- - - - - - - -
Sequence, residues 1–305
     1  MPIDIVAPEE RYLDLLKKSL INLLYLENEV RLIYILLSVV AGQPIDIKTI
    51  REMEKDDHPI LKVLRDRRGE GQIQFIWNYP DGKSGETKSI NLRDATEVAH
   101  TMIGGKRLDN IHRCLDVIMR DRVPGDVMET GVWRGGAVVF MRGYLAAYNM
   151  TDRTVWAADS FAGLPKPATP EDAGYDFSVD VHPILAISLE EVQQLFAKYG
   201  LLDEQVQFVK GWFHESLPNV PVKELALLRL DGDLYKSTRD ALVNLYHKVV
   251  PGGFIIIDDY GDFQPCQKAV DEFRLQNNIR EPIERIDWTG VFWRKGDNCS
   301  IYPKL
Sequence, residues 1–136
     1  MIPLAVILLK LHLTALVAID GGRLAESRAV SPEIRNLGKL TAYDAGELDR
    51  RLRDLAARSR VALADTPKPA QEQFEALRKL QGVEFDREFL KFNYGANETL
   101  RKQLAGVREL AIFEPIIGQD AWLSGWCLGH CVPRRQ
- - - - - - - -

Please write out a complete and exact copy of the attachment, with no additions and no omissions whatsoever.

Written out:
Sequence, residues 1–305
     1  MPIDIVAPEE RYLDLLKKSL INLLYLENEV RLIYILLSVV AGQPIDIKTI
    51  REMEKDDHPI LKVLRDRRGE GQIQFIWNYP DGKSGETKSI NLRDATEVAH
   101  TMIGGKRLDN IHRCLDVIMR DRVPGDVMET GVWRGGAVVF MRGYLAAYNM
   151  TDRTVWAADS FAGLPKPATP EDAGYDFSVD VHPILAISLE EVQQLFAKYG
   201  LLDEQVQFVK GWFHESLPNV PVKELALLRL DGDLYKSTRD ALVNLYHKVV
   251  PGGFIIIDDY GDFQPCQKAV DEFRLQNNIR EPIERIDWTG VFWRKGDNCS
   301  IYPKL
Sequence, residues 1–136
     1  MIPLAVILLK LHLTALVAID GGRLAESRAV SPEIRNLGKL TAYDAGELDR
    51  RLRDLAARSR VALADTPKPA QEQFEALRKL QGVEFDREFL KFNYGANETL
   101  RKQLAGVREL AIFEPIIGQD AWLSGWCLGH CVPRRQ